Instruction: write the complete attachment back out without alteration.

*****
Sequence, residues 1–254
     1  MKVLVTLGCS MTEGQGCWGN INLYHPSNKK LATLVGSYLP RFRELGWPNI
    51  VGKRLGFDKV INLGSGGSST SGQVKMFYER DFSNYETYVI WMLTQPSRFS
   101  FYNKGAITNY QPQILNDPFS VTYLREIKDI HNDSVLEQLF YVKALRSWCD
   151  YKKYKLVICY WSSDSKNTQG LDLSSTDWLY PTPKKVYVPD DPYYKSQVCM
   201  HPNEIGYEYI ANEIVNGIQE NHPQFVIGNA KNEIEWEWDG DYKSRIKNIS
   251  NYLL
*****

Sequence, residues 1–254
     1  MKVLVTLGCS MTEGQGCWGN INLYHPSNKK LATLVGSYLP RFRELGWPNI
    51  VGKRLGFDKV INLGSGGSST SGQVKMFYER DFSNYETYVI WMLTQPSRFS
   101  FYNKGAITNY QPQILNDPFS VTYLREIKDI HNDSVLEQLF YVKALRSWCD
   151  YKKYKLVICY WSSDSKNTQG LDLSSTDWLY PTPKKVYVPD DPYYKSQVCM
   201  HPNEIGYEYI ANEIVNGIQE NHPQFVIGNA KNEIEWEWDG DYKSRIKNIS
   251  NYLL